The ACC in the NCAA: Can Albany Beat Duke?Posted by KCarpenter on March 22nd, 2013
After the shocking loss to Lehigh last tournament, it seems unlikely that Duke will ever overlook a no. 15 seed again. Yet, looking at Albany‘s body of work; no one would blame the Blue Devils for looking a little bit ahead. Albany is not Lehigh. Lehigh was ridiculously underseeded at 15 and featured two top caliber players, one of whom, C.J. McCollum will probably play in the NBA. Duke was missing Ryan Kelly, and, in general seemed to be faltering at the end of this season. Meanwhile, this season, there is little to indicate that Albany is mis-seeded and Duke finished the regular season healthy and on a strong note. Still, for the sake of argument, if Albany were to somehow beat Duke, how would they do it?
Duke’s one big weakness all season has been rebounding and the Great Danes have actually been pretty good on that front, particularly in terms of defensive rebounding, though Albany easily outpaces Duke’s offensive rebounding mark as well. The big caveat here is the caliber of competition that Albany has been beating on the glass: dominating the America East Conference on the boards is a little simpler than doing the same in the ACC. Yet, it bears mentioning that tempo-free rebounding measures tend to be remarkably stable even when the level of competition changes. As strange as it is to say, it’s quite possible that the Great Danes could own the boards against Duke.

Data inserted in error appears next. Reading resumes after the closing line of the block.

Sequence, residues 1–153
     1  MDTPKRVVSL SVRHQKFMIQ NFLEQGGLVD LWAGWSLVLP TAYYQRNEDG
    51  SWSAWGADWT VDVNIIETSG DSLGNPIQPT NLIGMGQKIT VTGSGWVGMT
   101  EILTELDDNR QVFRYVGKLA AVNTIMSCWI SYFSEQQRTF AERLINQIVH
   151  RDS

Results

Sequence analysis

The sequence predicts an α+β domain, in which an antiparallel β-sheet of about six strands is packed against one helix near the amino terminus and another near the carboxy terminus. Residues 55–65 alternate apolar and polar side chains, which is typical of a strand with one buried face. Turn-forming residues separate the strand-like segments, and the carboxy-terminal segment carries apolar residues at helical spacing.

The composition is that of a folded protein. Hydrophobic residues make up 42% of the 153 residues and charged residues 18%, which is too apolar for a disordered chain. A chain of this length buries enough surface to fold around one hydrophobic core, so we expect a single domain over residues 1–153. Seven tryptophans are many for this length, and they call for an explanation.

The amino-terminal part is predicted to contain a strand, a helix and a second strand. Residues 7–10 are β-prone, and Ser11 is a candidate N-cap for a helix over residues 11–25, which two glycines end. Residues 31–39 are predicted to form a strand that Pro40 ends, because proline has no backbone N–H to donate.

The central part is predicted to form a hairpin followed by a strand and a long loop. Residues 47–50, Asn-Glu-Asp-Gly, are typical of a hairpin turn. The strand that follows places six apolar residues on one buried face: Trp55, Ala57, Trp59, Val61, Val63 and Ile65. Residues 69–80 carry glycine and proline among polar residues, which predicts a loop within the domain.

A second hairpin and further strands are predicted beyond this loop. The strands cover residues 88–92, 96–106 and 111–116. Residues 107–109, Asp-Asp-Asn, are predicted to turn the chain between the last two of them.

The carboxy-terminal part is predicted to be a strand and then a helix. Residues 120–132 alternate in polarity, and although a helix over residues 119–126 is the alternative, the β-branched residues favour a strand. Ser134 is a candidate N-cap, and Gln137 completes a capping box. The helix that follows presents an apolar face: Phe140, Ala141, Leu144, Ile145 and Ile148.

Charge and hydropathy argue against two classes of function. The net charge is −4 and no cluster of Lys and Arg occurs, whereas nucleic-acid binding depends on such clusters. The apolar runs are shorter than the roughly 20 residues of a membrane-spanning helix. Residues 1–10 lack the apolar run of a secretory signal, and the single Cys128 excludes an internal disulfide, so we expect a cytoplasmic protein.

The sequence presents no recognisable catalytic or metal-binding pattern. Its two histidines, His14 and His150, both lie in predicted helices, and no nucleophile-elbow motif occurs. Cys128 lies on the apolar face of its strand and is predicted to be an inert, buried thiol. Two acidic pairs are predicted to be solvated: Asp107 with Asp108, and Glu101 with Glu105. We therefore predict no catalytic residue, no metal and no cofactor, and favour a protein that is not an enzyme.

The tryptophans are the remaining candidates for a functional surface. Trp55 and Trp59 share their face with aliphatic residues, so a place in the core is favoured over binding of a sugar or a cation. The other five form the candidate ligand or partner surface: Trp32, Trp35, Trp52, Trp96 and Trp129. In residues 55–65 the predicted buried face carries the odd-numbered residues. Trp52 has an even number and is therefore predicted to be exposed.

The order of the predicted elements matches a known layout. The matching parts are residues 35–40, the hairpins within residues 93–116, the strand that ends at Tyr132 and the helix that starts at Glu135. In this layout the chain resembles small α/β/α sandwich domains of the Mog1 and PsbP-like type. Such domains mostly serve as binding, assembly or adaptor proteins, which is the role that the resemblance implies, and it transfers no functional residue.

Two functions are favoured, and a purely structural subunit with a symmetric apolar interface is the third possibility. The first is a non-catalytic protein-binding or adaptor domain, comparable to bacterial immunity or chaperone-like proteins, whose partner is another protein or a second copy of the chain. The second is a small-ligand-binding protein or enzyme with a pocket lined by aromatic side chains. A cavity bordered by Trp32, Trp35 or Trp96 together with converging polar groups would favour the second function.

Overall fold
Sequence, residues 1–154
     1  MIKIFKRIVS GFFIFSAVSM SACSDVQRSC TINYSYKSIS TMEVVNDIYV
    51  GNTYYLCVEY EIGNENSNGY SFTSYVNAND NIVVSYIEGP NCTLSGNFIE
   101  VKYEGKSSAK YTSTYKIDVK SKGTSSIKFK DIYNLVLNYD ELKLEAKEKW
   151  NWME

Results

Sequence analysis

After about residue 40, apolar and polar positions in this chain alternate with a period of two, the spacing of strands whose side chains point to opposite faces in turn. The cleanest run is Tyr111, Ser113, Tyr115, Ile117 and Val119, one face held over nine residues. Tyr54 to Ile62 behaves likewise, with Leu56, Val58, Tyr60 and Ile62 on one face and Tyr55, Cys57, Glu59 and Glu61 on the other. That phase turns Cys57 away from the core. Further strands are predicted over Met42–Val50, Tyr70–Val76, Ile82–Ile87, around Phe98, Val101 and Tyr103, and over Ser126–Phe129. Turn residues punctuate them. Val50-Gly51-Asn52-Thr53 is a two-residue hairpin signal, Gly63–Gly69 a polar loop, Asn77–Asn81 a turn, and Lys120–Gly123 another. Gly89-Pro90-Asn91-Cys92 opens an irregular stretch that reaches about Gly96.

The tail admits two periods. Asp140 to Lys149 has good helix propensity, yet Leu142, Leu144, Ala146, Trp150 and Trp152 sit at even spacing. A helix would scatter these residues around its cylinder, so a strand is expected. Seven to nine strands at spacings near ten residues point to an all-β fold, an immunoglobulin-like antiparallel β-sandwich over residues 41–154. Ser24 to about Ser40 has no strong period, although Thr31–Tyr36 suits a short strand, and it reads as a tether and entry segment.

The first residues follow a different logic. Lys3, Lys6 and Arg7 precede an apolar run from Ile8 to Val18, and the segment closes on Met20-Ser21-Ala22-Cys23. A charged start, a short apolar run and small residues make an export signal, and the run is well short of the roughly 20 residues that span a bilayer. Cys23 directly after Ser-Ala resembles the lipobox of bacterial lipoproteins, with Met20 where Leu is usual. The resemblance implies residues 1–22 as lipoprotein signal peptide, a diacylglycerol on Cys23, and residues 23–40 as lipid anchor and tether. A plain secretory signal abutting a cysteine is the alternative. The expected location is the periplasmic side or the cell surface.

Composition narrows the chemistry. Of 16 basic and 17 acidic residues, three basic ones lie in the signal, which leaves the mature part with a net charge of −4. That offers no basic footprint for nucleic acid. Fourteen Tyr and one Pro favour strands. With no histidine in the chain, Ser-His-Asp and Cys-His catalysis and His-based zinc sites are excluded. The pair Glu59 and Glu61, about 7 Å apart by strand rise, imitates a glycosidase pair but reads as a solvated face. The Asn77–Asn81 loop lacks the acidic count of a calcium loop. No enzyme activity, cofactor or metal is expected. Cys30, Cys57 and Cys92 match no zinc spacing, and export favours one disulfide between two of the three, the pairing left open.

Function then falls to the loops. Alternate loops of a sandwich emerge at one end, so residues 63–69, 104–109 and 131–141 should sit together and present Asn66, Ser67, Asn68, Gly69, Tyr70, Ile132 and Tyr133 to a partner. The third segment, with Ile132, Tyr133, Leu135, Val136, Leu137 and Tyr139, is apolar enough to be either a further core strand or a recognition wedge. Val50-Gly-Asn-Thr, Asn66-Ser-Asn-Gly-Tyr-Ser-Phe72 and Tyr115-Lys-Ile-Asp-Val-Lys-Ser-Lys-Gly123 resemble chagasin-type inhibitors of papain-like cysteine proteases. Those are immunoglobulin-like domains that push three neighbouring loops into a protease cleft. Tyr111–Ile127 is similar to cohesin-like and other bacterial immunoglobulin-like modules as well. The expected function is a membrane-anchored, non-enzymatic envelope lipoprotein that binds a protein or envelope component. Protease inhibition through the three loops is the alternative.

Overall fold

Other than that possible advantage, Albany is left with little more than the classic remedy of Davids taking on Goliath: slow the tempo down, play decent defense, make threes, and get lucky. Albany has played at a relatively slow tempo for most of the season and has been generally good on the defensive end of the court. The team is fairly talented from deep, shooting 36.4% as a team, and featuring Jacob Iati, the America East Conference’s most dangerous perimeter sniper who is averaging 41.1% in his career at Albany. Here’s a point of reference for the kind of long-distance shooter Iati is.
- Player A 83-of 193 43.0%
- Player B 89-of-217 41.0%
Player A is Seth Curry while Player B is Iati. Obviously Iati’s small stature (listed at 5’10”) and lack of Curry’s all-around game makes him a more limited player, but he has the touch to fill up the scoring column. If Curry is missing from deep and Iati is connecting? Albany has a shot at the upset.
Obviously, if all goes according to Mike Krzyzewski‘s plan, Duke’s balanced attack embodied by Ryan Kelly will set the tone for a shoot-out styled game where Duke’s athletes and speedy shooters can put up so many points that anything Albany can muster won’t even matter. That outcome is far more likely. Still, longshot or not, the Great Danes have the tools to be underdogs.